Despite what you may have been told, an author’s inserting themself into a story is neutral to the story’s quality. It has a negative reputation for two reasons. First, people only discover a character is an author insert if they already disliked the character. Few people dig into the background of characters they like. Second, author inserts are mostly associated with women. I have no idea if there’s actually a statistical difference in how likely male and female authors are to put themselves into a story, but it’s certainly perceived as something feminine.
Consider Kvothe, protagonist of the extremely popular and critically acclaimed The Name of the Wind. Many people love this character because of his wit and daring deeds. Many others hate him because of his arrogance and extreme competence. Does it make a real difference to either camp that Kvothe is based off the author’s D&D character? Of course not. All the traits that made people love or hate the character are still there; they haven’t changed because of this tidbit about the author’s process.
Some authors enjoy putting themselves into their stories, and some do not. Most of the time, author inserts will slip by without anyone’s noticing because they don’t actually affect the character. At the same time, many characters are incorrectly said to be author inserts because people didn’t like them. There’s nothing productive here; characters should be judged on their own merits, not the process authors used to create them.
Even if you never intend to reference author-insert characters when you say “Mary Sue,” it’s an inescapable meaning of the term. Other people will hear it regardless of what you meant to say.
It Will Help Level the Playing Field
I’ll hit you with a shocking truth: dropping Mary Sue will not eliminate sexism. While you’re reeling from that, you’ll no doubt be amazed to learn that not using racial slurs doesn’t eliminate racism either. And yet, most of us keep such slurs out of our vocabulary.
Respectful language is only one of many steps in eliminating bigotry. It’s easy to be extremely sexist toward female characters and authors without ever saying “Mary Sue.” And yet, retiring gendered terms from our vocabulary is still worth doing because it lets us start from a more even playing field.
In a world free of Mary Sue, people will still hold female characters to a double standard. These characters will be judged more harshly than their male counterparts, whether they have legitimate problems or not. But at least in that world, people will have to say what they mean. They won’t be able to simply dismiss any female character they don’t like as a Mary Sue. They’ll have to get specific, and perhaps they’ll even gain some self-awareness along the way.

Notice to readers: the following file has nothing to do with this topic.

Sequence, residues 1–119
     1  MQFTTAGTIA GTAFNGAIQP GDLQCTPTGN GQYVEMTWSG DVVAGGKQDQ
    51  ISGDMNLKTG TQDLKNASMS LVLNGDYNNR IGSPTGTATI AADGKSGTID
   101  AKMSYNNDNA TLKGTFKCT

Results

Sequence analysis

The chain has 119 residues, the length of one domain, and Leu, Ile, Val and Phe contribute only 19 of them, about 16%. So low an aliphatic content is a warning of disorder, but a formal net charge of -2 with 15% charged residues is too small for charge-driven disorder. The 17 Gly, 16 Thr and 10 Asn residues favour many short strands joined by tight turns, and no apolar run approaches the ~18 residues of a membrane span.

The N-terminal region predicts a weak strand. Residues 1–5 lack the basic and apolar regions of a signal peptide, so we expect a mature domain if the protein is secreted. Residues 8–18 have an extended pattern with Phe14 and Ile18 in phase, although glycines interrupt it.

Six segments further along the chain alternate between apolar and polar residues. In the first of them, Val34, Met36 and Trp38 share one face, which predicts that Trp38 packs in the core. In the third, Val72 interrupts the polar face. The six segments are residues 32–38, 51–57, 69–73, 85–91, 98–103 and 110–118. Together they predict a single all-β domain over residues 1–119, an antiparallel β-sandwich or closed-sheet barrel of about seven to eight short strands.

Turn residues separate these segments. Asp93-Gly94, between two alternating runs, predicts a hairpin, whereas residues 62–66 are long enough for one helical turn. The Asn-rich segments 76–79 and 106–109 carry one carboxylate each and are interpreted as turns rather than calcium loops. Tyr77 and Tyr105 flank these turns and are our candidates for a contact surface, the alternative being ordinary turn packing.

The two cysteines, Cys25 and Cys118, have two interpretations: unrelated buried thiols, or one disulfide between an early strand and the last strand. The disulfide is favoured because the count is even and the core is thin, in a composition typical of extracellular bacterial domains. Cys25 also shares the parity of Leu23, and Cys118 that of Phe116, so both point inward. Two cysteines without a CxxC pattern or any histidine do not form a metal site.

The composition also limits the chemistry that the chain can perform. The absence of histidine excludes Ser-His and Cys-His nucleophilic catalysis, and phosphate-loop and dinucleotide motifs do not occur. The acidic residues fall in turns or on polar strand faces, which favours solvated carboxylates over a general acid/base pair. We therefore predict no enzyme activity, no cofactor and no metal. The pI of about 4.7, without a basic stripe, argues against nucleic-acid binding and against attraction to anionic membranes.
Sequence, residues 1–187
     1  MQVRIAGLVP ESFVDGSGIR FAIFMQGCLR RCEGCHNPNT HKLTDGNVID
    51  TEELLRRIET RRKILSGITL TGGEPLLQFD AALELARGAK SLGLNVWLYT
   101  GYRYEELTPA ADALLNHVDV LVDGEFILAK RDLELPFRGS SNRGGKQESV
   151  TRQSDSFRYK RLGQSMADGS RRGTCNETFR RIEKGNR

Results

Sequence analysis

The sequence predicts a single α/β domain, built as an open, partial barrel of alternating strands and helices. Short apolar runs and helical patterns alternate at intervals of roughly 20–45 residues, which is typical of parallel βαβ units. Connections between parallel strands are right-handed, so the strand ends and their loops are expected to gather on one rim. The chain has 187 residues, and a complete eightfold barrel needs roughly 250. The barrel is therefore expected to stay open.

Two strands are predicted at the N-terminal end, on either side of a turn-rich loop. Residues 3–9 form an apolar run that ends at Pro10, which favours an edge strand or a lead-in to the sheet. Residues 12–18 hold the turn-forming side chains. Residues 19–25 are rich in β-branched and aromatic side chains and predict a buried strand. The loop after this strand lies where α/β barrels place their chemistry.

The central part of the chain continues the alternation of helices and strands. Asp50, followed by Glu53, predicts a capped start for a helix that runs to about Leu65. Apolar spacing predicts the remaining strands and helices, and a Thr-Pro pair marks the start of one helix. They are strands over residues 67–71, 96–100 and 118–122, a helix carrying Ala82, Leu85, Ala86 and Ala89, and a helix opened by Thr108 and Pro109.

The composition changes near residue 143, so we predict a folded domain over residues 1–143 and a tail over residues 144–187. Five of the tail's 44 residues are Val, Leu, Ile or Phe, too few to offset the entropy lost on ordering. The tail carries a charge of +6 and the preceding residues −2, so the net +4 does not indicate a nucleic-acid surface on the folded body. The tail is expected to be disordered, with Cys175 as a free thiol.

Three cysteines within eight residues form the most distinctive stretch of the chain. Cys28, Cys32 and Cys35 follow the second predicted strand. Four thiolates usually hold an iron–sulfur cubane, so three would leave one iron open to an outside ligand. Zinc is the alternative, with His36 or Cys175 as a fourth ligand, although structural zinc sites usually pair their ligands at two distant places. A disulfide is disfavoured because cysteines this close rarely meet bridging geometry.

There’s also the emotional burden to consider. Regardless of what anyone intended, Mary Sue is widely seen as an attack on female characters, and many women are simply tired of it. They feel these attacks the same way they feel all the other gendered insults floating around the English language. This does not imply any weakness or fragility – simply fatigue. Dropping Mary Sue is the decent thing to do.
What Should You Say Instead?
The big question whenever we drop something from our vocabulary is what to replace it with. In the case of Mary Sue, that will depend on the specific context. After all, one of the reasons we need to get rid of it is that’s a really vague term that can mean a lot of different things.
If you mean that a character is a stand-in for the author, just say that. But as we’ve covered, that’s not usually relevant to the character or the story, so it should probably only come up while discussing minor trivia.
If you’re trying to describe a character who doesn’t have enough problems, is too competent, is adored by the other characters without reason, etc., “over glorified” is a decent substitute. Most people will understand that “glory” in this context refers to all the various things that make a character seem cool.
If you speak Mythcreant, you can say “over candied.” “Candy” simply means anything that makes the character cool or admirable. A character with too much candy is so sweet, they’ll probably make you sick. You could also say a character doesn’t have enough spinach. Spinach is the opposite of candy; it’s anything that humiliates or humbles a character. In fact, the terms “candy” and “spinach” were coined partly to avoid imprecise options like Mary Sue.
If none of that works for you, the key is to drill down to whatever is bothering you about a character and put that into words. Is the character’s extreme confidence annoying you? Do you feel it’s unrealistic that the character could learn sword fighting in just a few hours? Describe whatever the problem is. It takes a little more effort than a term like Mary Sue, but your discourse will be more productive and less sexist.